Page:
How the French debacle in Algeria shaped the rise of Marine Le Pen — and what America can learn from it

Marine Le Pen's neofascist movement was fueled by lingering resentment over a military humiliation. Maybe ours too

Published April 30, 2017 2:00PM (EDT)

Marine Le Pen; Donald Trump (Afp/getty Images/Ahmad Al-Rubaye/Patrick Kovarik/Olivier Douliery - Pool/Photo Montage by Salon)
Marine Le Pen; Donald Trump (Afp/getty Images/Ahmad Al-Rubaye/Patrick Kovarik/Olivier Douliery - Pool/Photo Montage by Salon)

Last Sunday, the French held the first round of their presidential election. Emmanuel Macron won just over 24 percent of the vote, and 21.3 percent of voters cast their ballots for Marine Le Pen. There will be a runoff on May 7 — as in every previous French presidential election under their current system, neither candidate won the absolute majority necessary for an outright victory — in which Macron is the heavy favorite.

That is good news for the French and for Americans. Macron is a liberal centrist who is committed to the European Union. If he wins, Macron will reinforce others like Germany’s Angela Merkel as bulwarks against the undemocratic, nationalist far right that has made gains across Europe. The very fact that a neofascist like Le Pen attracted so many voters in France’s elections is disconcerting but not terribly shocking. After all, when France fell to Nazi Germany in June 1940, there were plenty of French men and women who supported the Vichy government of Marshal Philippe Pétain, who was a puppet of Berlin. Vichy and the Third Reich fell, ushering in the liberal order that has shaped international relations in the post–World War II era -- but fascism was never fully extinguished in France.

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Le Pen’s father, Jean-Marie, who led the National Front until his daughter ousted him, was a supporter of the Vichy regime, but there was another conflict in the country’s history that nurtured contemporary French fascism. That was the Algerian Revolution, or Algerian War of Independence, which lasted a little more than seven bloody years between Nov. 1, 1954, and March 19, 1962. That conflict and its aftermath have lessons for the United States and its own wars in the Middle East.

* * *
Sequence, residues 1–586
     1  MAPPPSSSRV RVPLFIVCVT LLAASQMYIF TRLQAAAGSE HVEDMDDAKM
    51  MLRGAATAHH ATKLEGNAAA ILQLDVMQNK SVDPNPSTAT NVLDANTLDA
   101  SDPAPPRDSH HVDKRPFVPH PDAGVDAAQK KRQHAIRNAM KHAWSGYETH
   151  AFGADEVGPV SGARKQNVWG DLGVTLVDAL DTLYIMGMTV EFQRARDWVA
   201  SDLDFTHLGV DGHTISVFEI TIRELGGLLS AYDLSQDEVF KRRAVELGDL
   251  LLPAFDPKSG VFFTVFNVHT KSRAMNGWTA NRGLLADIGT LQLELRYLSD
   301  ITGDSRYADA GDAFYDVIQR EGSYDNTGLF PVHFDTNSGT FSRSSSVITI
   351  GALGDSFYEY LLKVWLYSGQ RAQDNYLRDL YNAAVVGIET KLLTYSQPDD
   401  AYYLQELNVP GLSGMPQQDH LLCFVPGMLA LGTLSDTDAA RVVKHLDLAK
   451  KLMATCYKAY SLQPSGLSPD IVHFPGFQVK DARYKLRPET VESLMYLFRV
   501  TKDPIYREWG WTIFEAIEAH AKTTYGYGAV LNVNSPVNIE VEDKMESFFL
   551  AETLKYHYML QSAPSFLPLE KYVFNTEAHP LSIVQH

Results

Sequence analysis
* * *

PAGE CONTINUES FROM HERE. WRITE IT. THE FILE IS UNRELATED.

A lot of the commentary on Marine Le Pen traces the roots of her worldview to her father. That makes sense, of course. If people know anything about Jean-Marie Le Pen, it is that he is an anti-Semite — he once called the Holocaust a “detail in the history of the Second World War” — and a French nationalist. As the founder and leader of the National Front, he peddled fascism during the 1970s on the margins of French politics until he repackaged his views in a more acceptable discourse about immigration and Euro-skepticism and made political gains in the 1980s and 1990s.

The senior Le Pen's high-water mark was reaching the second round of the 2002 presidential elections, in which he was crushed by incumbent President Jacques Chirac, who won 82 percent of the vote. Le Pen had served for a short time as a paratrooper in in Algeria. The so-called “Paras” — made infamous in the 1966 film "The Battle of Algiers" and Alistair Horne’s book "A Savage War of Peace" — played a central role in France’s war in Algeria. They employed brutal tactics, especially in the Paras’ efforts to pacify the Algiers casbah. Ahead of the 2002 election, the French daily Le Monde published allegations that Le Pen tortured Algerian prisoners. He denied it at the time, though decades earlier he admitted that he participated in this crime, declaring, “I tortured because it was necessary.”

What Jean-Marie Le Pen did in Algeria is a window into his own worldview and likely that of his daughter, even though they no longer speak to each other. The personal history of the Le Pens is interesting, but what's more important is the way the Algerian conflict still casts a long shadow over French politics, and the way it has played into the nationalism and neofascism that still appeal to a significant portion of the French electorate. The war, France’s withdrawal from Algeria, and the North African nation's journey to independence were collectively a searing experience that polarized and radicalized politics.

The French arrived in Algeria in 1830 in what turned out to be a colonial project that lasted for 132 years, making it one of the most thoroughly colonized places in the world. The French leadership’s goal was to make Algeria an overseas department of France. Toward that end, the French poured settlers into the country in an effort to remake the country and in the process tighten Algeria’s political, social, economic and cultural connections to what is called "metropolitan France."